Variant Leadership Styles You Can Encounter

key-leadership Leadership

Ian Pearson, Negosetro |  A true leader is much more than just a person in high, powerful position. A leader needs to be an example to everybody else, know how to inspire and motivate the people that are following him and most importantly to know how to inspire loyalty in others and not the fear. All of that can be achieved in many different ways and these skills and traits will not fit every leader and its style of leadership. All companies operate differently and so do leaders who run them. However, having an understanding of various leadership styles can help out executives to choose appropriate management that will lead the company in the direction they want. Here are some examples of variant leadership styles you can encounter, their characteristics and benefits they bring to the table:

Transformational leadership

Transformational leadership is one of the most desirable leadership styles that inspires the rest of your employees by having effective and open communication and creating the environment that is intellectually stimulating. They focus on individual and team growth by helping every element of the company grow in sense of productivity and efficiency. But they have disadvantages as well and in case of transformational leaders, they lack attention to details.

Servant (Team) leadership

Servant, or better said team leadership is a power-sharing model of authority where the needs of the team are a priority and this style of leadership encourages collective decision-making. A well-organized team can assure a very productive and efficient workplace. Team building exercises are not enough for that to happen, a powerful team leader plays a key role in company’s organisational development. Research done on this leadership style showed that it can improve the diversity and boost the morale of the team for a more productive workday. On the other hand, servant leaders can lack authority and can encounter a conflict of interest by putting his team ahead of business objectives.

Autocratic leadership

Opposite of team leadership is the autocratic leadership where a leader has a significant control and authority over staff and seldom considers the suggestions of the employees. Power is all his and he is not willing to share it. This type of leadership is not really appreciated by the staff and that can lead to conflicts and other problems such as lack of creativity since every decision comes from a single point of view. This kind of leader is the best fit for a company where jobs require limited skills and routine work is done, or where authority is very much needed, such as in military organization.

Democratic leadership

Democratic leadership means that leaders often gives the team to share their ideas before making a final decision leading up to more creative resolutions and a higher level of satisfaction among the employees and that can definitely benefit the company. Decisions made in this way affect the entire company and that is why this type of leadership is considered both fair and efficient. Democratic leaders easily gain trust and loyalty from the employees and while still maintaining authority and that results in higher productivity and providing your team with a sense of intrinsic motivation which maybe is the best form of motivation. Democratic leadership style can have a downside in companies where quick decision-making is of crucial matter.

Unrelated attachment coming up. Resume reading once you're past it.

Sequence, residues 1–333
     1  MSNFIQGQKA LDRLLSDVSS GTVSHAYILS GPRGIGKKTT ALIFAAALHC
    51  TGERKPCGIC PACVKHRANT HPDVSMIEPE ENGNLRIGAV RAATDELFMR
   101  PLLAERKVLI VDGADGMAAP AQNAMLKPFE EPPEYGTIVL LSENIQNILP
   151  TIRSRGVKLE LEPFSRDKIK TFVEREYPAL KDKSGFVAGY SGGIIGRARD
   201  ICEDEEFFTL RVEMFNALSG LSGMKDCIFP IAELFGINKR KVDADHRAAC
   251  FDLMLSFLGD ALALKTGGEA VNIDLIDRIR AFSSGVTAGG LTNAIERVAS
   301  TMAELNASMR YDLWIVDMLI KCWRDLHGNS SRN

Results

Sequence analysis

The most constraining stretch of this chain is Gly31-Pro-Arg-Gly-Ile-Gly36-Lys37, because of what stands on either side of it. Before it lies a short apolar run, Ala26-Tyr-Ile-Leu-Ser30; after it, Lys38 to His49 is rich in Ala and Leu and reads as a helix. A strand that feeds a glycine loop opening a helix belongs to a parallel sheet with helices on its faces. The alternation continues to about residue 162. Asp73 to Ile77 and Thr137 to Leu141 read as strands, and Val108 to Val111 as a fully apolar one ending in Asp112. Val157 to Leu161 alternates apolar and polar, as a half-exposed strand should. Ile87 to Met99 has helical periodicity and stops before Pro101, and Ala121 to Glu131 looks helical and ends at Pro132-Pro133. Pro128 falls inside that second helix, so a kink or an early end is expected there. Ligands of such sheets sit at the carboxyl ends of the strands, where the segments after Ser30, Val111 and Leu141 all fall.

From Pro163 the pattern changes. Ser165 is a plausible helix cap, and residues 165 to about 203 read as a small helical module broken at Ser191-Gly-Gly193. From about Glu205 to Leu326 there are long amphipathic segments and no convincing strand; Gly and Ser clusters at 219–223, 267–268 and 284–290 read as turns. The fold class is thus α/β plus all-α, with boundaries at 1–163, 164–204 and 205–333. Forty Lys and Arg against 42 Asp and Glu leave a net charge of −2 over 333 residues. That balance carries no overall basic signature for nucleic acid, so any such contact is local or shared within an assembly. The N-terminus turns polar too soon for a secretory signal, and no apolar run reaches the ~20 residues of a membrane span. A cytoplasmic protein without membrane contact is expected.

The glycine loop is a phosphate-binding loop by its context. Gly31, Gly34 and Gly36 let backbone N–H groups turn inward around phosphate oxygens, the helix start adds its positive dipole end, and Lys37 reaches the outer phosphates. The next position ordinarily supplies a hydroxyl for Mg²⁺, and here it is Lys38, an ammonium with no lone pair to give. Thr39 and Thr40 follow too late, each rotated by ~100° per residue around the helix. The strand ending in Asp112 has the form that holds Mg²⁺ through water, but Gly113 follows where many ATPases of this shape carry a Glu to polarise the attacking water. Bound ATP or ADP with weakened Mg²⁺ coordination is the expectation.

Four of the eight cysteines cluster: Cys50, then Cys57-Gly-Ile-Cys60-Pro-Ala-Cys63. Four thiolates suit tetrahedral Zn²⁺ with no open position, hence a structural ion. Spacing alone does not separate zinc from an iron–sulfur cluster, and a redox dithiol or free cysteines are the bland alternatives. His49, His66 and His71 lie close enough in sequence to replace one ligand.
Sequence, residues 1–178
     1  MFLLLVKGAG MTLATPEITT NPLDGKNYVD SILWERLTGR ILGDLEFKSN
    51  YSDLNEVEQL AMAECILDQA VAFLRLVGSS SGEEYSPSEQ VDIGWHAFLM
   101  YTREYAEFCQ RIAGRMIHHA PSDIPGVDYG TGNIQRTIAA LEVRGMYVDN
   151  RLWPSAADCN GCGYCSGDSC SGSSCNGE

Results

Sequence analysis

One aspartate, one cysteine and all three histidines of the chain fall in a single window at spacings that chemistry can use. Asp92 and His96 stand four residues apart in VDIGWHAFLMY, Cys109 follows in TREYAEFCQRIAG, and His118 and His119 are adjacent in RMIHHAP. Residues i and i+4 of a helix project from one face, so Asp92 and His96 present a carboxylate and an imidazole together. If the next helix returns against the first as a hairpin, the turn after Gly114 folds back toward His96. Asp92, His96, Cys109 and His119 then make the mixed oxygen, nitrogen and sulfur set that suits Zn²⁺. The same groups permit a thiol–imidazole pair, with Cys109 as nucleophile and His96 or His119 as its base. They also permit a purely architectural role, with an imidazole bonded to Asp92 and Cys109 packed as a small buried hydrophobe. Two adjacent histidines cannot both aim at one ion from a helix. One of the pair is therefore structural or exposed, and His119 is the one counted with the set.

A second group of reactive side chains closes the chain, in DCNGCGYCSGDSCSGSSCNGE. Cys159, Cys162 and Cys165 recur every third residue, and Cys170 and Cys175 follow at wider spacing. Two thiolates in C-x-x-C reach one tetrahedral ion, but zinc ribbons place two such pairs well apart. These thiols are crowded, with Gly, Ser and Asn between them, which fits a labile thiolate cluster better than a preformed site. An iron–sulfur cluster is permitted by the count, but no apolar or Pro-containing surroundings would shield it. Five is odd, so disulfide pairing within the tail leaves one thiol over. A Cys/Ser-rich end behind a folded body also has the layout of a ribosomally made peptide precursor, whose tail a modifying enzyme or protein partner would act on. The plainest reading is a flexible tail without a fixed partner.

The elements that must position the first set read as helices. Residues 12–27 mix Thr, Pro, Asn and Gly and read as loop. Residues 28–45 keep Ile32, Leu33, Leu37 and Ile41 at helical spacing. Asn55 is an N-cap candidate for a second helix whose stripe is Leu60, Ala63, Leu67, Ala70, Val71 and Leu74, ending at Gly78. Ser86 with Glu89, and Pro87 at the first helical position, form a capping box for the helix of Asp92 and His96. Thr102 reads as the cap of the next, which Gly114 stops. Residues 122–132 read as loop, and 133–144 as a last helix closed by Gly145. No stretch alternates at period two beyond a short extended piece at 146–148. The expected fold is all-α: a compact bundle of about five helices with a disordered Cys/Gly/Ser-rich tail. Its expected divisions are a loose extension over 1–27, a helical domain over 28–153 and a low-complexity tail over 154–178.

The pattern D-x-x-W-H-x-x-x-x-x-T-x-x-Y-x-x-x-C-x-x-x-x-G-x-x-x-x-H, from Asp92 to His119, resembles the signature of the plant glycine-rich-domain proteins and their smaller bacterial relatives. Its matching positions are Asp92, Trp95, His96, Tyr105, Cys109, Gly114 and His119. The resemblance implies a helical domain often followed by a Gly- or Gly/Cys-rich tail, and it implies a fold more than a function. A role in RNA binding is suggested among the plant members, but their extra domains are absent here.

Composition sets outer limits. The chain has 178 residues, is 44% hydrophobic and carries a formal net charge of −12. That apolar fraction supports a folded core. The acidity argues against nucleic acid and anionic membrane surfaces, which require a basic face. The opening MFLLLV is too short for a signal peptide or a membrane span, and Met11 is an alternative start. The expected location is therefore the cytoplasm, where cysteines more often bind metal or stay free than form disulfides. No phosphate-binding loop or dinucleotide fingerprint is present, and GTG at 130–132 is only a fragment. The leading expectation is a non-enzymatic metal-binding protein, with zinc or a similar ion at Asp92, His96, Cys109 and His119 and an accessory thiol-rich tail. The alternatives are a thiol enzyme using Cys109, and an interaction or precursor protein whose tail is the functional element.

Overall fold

Bureaucratic leadership

Bureaucratic leadership is most often found in very regulated administrative environments where following the rules and respecting a hierarchy is the of the biggest importance. The bureaucratic leader makes sure that everybody is following the rules and does everything by the book, leaving little to no place for creativity and improvisation. In health and safety departments this type of leadership can be very effective.

Charismatic leadership

There is a certain amount of similarity between transformational and charismatic leadership style. They both rely on charm and positive personality of the leader. A charismatic leader is considered likable and trustworthy and those traits can help in leading the team efficiently.

Situational leadership

Situational leadership, developed by Paul Hersey and Ken Blanchard in 1969, means that best leaders can use a range of variant leaderships styles depending on the work environment, types of employees, the complexity of tasks and more. These leaders can adjust their leadership styles for any given situation and switch from one style to another when the certain situation necessitates.

In order to become an effective and great leader that will be respected and trusted, you need to have an understanding of all these leadership styles listed above. You need to gain charisma, strong communication skills and definitely find the way to inspire and motivate your employees in order to maintain a healthy and productive work environment. You also need to know when to be an autocratic and when a democratic leader, depending on the situation and company you in. You don’t need to put fear in your employees to maintain authority, there are plenty other ways to achieve discipline and effective work environment. Also if you are an executive that needs to hire a person to lead and manage your company, having an understanding of these leadership styles will ease your hiring process and you will be able to find the right person that will fit your company’s style and lead it to the top.